E-32 Aerospace Propulsion Systems Health Management
ARP5120 provides recommended best practices, procedures, and technology to guide the physical and functional design, development, integration, verification, and validation of highly reliable Engine Health Management (EHM) systems for aircraft engines and Auxiliary Power Units (APUs). This SAE Aerospace Recommended Practice (ARP) also serves as a concise reference of considerations, approaches, activities, and requirements for producing the end-to-end engine health management system comprised of both on and off-board subsystems for the sensing, acquisition, analysis, detection, and data handling functions for EHM. These functions may also be used to effect continued operation or return to service decisions when demonstrated as compliant with the applicable airworthiness requirements defined by the responsible Aviation Authority. Where practical, this document delineates between military and commercial practices
E-32 Aerospace Propulsion Systems Health Management
The effectiveness of Engine Life Usage Monitoring and Parts Management systems is largely determined by the aircraft-specific requirements. This document addresses the following areas: safety, life-limiting criteria, life usage algorithm development, data acquisition and management, parts life tracking, design feedback, and cost effectiveness. It primarily examines the requirements and techniques currently in use, and considers the potential impact of new technolog to the following areas: parts classification and control requirements, failure causes of life-limited parts, engine life prediction and usage measurement techniques, method validation, parts life usage data management, lessons learned, and life usage tracking benefits. SAE ARP1587 provides general guidance on the design consideration and objectives of monitoring systems for aircraft gas turbine engines. A major function of these Engine Monitoring Systems is to monitor the usage of life-limited parts in order to maximize
E-32 Aerospace Propulsion Systems Health Management
An effective GSS is vital to the successful implementation of an EMS and is a fundamental part of the total monitoring system design, including asset management. Unlike the on-board part of the EMS which principally uses real time data to indicate when engine maintenance is required, a GSS can offer much greater processing power to comprehensively analyze and manipulate EMS data for both maintenance and logistics purposes. This document reviews the main EMS functions and discusses the operating requirements used to determine the basis design of a GSS, including the interfaces with other maintenance or logistic systems. A brief discussion is also included on some of the more recent advances in GSS technology that have been specifically developed to provide more effective diagnostic capabilities for gas turbine engines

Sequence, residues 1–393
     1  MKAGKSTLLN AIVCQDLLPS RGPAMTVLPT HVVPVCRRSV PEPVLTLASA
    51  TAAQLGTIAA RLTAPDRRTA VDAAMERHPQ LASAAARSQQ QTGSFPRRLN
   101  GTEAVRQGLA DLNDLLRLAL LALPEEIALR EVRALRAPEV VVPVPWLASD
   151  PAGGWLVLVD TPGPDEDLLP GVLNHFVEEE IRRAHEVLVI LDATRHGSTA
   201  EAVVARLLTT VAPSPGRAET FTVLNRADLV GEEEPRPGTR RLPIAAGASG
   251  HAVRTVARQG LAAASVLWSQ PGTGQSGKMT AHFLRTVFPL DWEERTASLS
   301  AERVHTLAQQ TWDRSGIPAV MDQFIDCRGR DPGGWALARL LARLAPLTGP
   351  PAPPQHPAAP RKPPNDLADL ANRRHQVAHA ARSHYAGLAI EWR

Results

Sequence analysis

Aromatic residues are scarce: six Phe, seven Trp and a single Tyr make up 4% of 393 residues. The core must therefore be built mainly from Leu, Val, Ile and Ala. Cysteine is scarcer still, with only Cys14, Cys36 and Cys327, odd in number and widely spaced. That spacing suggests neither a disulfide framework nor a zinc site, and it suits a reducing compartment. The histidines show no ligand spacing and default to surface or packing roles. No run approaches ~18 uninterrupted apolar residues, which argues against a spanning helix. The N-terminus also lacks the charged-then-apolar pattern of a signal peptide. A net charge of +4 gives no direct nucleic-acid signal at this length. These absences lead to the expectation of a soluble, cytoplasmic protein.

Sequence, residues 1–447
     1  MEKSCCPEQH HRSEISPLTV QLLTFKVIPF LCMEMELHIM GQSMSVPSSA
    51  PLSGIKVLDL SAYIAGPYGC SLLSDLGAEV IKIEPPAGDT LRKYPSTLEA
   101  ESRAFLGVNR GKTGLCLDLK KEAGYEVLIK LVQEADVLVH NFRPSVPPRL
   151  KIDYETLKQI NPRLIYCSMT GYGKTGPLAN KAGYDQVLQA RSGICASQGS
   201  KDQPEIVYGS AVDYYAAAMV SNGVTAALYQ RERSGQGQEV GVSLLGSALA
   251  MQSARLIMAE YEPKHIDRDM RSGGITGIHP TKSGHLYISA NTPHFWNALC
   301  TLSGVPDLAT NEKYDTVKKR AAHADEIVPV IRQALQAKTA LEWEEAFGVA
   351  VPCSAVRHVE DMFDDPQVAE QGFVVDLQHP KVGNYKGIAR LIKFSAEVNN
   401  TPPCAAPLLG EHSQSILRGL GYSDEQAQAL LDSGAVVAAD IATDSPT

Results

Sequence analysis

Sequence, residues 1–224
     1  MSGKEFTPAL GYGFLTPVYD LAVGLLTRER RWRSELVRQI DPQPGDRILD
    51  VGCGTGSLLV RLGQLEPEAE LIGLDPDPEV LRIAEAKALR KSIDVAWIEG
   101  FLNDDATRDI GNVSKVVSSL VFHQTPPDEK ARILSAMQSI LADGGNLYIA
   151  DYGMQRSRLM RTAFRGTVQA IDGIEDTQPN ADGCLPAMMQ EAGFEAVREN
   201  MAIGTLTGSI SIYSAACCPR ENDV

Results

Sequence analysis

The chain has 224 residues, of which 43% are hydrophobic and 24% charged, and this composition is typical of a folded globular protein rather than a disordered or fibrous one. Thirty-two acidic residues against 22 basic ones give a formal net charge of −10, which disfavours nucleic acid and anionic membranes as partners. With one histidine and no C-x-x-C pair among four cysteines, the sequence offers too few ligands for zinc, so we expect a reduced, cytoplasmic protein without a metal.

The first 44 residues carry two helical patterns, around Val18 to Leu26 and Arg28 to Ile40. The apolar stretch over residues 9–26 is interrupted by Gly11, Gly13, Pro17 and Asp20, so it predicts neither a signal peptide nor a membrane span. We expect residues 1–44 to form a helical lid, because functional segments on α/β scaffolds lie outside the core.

E-32 Aerospace Propulsion Systems Health Management
This Aerospace Recommended Practice (ARP) is a general overview of typical airborne engine vibration monitoring (EVM) systems applicable to fixed or rotary wing aircraft applications, with an emphasis on system design considerations. It describes EVM systems currently in use and future trends in EVM development. The broader scope of Health and Usage Monitoring Systems, (HUMS) is covered in SAE documents AS5391, AS5392, AS5393, AS5394, AS5395, AIR4174. This ARP also contains the essential elements of AS8054 which remain relevant and which have not been incorporated into Original Equipment Manufacturers (OEM) specifications
E-32 Aerospace Propulsion Systems Health Management
This SAE Aerospace Standard (AS) provides guidelines for the functional, performance, qualification and acceptance testing, and documentation requirements for the components of an airborne engine vibration monitoring (EVM) system which is intended for use as a turbojet engine rotor unbalance indicating system, per FAR 25.1305 (D)(3) on transport category airplanes